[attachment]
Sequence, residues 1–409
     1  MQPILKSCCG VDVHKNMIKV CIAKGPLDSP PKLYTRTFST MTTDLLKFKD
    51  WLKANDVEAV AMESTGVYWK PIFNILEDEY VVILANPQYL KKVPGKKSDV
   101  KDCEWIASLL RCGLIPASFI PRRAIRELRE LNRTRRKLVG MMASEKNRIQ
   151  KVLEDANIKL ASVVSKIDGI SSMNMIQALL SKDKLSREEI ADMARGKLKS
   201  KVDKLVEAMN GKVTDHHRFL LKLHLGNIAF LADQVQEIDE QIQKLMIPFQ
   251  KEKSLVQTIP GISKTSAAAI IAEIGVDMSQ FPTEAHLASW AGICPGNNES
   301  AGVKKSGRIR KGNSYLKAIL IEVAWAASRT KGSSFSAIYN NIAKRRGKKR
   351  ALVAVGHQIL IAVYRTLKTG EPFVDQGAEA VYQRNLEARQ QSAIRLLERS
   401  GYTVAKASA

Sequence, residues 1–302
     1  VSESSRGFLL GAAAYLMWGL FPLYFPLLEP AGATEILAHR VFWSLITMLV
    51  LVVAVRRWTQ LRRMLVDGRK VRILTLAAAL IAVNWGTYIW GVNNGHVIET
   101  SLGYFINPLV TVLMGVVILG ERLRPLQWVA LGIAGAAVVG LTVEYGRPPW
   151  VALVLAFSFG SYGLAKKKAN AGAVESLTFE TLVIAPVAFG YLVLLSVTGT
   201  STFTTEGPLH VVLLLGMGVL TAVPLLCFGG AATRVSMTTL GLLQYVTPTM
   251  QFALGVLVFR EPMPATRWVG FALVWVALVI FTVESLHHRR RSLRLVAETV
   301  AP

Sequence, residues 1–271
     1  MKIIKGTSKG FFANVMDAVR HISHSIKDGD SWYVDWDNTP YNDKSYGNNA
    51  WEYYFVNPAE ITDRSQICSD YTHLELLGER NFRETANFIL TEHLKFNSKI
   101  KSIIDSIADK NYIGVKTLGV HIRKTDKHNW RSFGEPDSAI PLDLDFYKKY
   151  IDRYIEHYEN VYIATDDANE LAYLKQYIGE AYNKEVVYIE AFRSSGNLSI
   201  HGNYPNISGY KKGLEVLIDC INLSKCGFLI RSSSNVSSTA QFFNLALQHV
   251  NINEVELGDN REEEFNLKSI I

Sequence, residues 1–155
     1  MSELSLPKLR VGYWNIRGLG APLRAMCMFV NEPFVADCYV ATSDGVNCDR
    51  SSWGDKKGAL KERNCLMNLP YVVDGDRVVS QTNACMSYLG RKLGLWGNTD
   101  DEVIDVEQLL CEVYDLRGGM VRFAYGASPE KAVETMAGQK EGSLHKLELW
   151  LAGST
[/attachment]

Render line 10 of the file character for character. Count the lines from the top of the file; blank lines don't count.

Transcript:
   401  GYTVAKASA